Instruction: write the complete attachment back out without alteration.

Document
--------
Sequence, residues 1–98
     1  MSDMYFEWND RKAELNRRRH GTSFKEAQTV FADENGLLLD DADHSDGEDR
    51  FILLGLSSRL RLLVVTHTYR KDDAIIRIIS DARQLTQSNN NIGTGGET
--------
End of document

Sequence, residues 1–98
     1  MSDMYFEWND RKAELNRRRH GTSFKEAQTV FADENGLLLD DADHSDGEDR
    51  FILLGLSSRL RLLVVTHTYR KDDAIIRIIS DARQLTQSNN NIGTGGET